Notice that it’s the information (Estonia e-residents can pay share capital through new ways) that is more important here, not Holvi. The post even goes the extra mile to be transparent and say that Holvi isn’t the only company offering this service. This is content writing selling a product.

Google Search: Promotional or Informative?

The text published on Google search page results is another type of content that might get you confused about who gets it done.

Here’s the short answer: Google Ads are a copywriter’s task. Title tags and meta descriptions are created by content writers.

For instance, I searched “best laptop for students” and got this ad at the very top of the page:

See how it sounds like a salesperson talking. It mentions discounts, offers, low prices, deals. The ad highlights how simple the payment is. This is copywriting.

Now look at this result:

This copy tries to be helpful and very clear about what you will get once you click on the link. It tells you what the best college laptops are beforehand, so if you decide to read the article, there will be no surprises. This is content writing.

Website Content: Sell or Educate?

Another tricky task is to decide who to hire to create website content. Both professionals sound perfect for creating website content. But their approach to the job is quite different.

This is Nespresso’s sales page of Vertuo coffee machine. Look how straight to the point the copy is. There is an image of the product, key selling points, price, and a purchase button.

This page gives you what you need to decide to purchase the product and nothing else so you don’t get distracted. And to make it more exciting, there are extra offers.

If you need something like this, a copywriter is your best bet.

But copywriting doesn’t need to be short. Have a look at a partial view of another Nespresso page below. It gives more information about Vertuo, so you can decide if this is the right coffee machine for you.

See this example below:

This is also copywriting. The use of the words exceptional, unique, try them all, and passion are a giveaway. Here, the goal is to trigger an emotional response and persuade you to buy the product.

Now, I will show you how content writers sell products through website content. It’s likely to be through your blog.

Here is something from Nespresso’s blog:

This is certainly not the best piece of content writing you can find online. But it’s a great example to illustrate this point.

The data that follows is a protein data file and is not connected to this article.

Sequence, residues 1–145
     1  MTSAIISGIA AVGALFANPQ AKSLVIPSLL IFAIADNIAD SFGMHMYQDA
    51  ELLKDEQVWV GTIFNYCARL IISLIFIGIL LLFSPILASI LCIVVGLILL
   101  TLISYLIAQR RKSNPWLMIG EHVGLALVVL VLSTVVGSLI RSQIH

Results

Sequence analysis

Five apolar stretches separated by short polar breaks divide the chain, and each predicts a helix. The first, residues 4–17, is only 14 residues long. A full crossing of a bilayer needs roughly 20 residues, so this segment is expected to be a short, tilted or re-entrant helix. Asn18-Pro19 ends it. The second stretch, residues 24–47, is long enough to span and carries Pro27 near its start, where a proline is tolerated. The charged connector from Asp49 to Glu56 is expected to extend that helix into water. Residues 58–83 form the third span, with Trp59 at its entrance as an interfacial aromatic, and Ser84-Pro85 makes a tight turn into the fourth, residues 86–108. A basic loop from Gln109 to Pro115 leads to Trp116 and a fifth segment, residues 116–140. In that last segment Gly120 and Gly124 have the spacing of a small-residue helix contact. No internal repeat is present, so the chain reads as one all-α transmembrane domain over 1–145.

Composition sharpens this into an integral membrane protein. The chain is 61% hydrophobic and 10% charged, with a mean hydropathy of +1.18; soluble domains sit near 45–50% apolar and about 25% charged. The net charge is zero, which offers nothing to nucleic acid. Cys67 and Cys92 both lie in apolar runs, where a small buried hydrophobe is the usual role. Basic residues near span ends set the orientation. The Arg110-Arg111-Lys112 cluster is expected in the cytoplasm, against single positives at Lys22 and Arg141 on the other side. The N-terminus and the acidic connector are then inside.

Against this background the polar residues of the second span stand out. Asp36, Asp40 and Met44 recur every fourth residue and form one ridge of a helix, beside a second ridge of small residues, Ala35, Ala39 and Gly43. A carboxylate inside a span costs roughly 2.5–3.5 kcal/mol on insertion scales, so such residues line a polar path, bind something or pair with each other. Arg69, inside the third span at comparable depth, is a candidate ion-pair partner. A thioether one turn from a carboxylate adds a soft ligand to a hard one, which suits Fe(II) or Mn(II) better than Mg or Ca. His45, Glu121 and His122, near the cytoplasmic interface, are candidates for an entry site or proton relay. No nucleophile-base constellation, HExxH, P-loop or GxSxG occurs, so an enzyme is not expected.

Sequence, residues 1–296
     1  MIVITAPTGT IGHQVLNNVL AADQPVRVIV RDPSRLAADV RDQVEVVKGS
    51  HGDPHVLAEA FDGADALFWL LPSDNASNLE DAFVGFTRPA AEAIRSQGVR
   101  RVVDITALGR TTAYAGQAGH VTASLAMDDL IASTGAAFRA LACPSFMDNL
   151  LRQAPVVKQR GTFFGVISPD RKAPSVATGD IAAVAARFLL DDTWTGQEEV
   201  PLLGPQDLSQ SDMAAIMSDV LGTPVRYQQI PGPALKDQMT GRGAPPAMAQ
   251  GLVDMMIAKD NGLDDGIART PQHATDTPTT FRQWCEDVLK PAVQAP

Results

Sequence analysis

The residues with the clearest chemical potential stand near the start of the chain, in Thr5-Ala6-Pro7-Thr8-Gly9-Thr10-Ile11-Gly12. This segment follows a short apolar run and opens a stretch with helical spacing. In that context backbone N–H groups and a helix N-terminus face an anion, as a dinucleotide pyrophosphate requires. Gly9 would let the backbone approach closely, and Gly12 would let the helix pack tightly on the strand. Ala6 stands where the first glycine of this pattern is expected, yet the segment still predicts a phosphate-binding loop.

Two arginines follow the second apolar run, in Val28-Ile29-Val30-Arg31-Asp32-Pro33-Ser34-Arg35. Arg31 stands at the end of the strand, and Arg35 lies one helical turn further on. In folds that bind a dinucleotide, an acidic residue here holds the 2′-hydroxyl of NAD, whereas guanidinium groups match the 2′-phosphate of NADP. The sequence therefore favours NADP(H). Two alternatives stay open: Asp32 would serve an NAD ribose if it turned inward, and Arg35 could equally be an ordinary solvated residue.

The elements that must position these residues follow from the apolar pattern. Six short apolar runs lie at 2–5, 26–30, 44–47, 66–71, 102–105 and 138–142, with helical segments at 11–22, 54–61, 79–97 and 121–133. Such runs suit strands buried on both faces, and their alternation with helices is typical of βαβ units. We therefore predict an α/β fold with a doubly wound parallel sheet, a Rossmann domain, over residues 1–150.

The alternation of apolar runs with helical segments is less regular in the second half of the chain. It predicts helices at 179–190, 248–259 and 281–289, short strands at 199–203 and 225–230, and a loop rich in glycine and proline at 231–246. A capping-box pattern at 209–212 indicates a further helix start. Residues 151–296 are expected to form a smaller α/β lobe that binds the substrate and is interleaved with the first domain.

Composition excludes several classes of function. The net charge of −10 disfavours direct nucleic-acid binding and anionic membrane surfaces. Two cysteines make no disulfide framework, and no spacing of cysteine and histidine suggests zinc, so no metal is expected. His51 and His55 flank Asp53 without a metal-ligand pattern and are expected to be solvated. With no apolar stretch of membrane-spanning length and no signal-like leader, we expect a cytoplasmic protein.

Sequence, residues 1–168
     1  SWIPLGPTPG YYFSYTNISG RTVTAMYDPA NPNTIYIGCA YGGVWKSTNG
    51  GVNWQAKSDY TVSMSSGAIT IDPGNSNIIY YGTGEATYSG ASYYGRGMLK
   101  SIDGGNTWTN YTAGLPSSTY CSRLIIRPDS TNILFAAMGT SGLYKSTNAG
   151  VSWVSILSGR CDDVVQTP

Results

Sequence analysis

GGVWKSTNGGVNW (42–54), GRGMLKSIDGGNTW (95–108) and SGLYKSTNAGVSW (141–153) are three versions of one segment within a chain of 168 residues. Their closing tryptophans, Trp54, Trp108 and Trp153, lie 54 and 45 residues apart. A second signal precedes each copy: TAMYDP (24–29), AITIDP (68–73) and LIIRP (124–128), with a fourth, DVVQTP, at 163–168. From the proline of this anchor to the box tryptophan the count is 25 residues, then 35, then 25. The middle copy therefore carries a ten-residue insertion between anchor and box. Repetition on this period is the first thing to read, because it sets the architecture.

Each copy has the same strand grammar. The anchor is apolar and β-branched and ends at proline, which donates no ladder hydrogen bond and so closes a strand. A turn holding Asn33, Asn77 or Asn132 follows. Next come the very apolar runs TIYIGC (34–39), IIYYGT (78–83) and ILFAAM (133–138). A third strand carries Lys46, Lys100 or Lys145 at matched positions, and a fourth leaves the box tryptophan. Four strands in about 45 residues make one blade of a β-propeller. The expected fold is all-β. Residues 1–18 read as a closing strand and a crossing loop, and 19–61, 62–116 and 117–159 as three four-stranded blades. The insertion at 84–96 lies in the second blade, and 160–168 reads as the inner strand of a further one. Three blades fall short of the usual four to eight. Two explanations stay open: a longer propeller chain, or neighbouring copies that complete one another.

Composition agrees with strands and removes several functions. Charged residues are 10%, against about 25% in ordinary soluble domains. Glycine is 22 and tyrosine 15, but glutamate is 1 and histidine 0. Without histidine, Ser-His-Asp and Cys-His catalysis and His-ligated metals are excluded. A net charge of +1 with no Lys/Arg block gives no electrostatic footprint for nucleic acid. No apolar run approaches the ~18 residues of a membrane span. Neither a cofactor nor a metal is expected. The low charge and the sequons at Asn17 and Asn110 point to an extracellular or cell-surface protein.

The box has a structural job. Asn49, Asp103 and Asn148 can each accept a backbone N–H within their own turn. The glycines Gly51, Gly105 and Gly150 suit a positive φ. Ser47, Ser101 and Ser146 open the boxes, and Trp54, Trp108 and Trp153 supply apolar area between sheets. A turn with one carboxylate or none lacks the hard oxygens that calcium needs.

Forty-one percent of U.K. employees had a creative idea, 36% solved a difficult problem, and 28% made an important business decision during a coffee break? I need a coffee then! And because my coffee breaks are short, I need a coffee machine. I also want the best ideas, so I will buy the best coffee machine, which is…yeah, you got the memo.

As you can see the sale is there, just not as explicit. The goal of the piece is to share research information that is relevant to potential customers. This is the way content writing works.

But content writing doesn’t always aim at a sale. A lot of its production involves support materials, texts that will help your website to rank higher on Google Search. This type of writing will also attract a loyal audience that might never buy your product, but might refer it to a friend.

Check this extract from Zapier’s blog about sleep and productivity:

It has nothing to do with Zapier as a product. Actually, Zapier isn’t mentioned at all in the entire article. But it has all to do with their audience: business owners and executives looking for tech solutions, and probably losing some sleep over it.

For this type of piece, you need a content writer.

How to Choose the Right Professional

Now that the difference between copywriters and content writers is clear, we are going to talk about how to identify the professional you need. As I said before, even the freelancers themselves get it wrong. So consider the following:

Determine when you want to see results

Think about how fast you want results to appear on your financial reports. Should it impact your sales in the short or long term? For the first, look for a copywriter. For the second, hire a content writer.

Choose by the type of content

What type of content do you need? An ad, an email marketing, an About Us page, a blog post? The two first are in the copywriting territory. For the other two, you need a content writer.

Identify the skill set

Forget job titles. Search one of the big freelance databases (like Upwork or Freelancer.com), and you will notice that looking at their job titles might not take you far. Some will call themselves copywriters, others content writers. Even both. A good percentage will say they are freelance writers and nothing else.

Check for specific skills by either typing them into the search bar, or using the platform’s filtering system. Here’s how it looks on Upwork:

Some professionals will add multiple skills to their profile. And not necessarily because they can do all of these jobs. Many freelance writers are aware of the confusion between these terms, and don’t want to miss a job opportunity just because the client picked the wrong category.

Check Their Portfolio

Hiring a professional with suitable expertise is essential to the success of your project. And knowing whether you need a copywriter or a content writer is just the first step. You should also be checking their portfolios.

Tell freelancers what type of material you are looking for and ask for samples of similar jobs. It will allow you to decide if they have the skills you need. Even newbies should be able to provide unpublished work or something from their own website.

Need Additional Support?

The best way to be 100% sure you hire the right professional is to create a strong job posting that attracts qualified candidates. After that, you’ll need to effectively narrow down the proposals to choose the best freelancer—whether they are a content writer or a copywriter—for your job. After that, it’s all about creating a strong relationship so you can rely on the same freelancer for projects to come.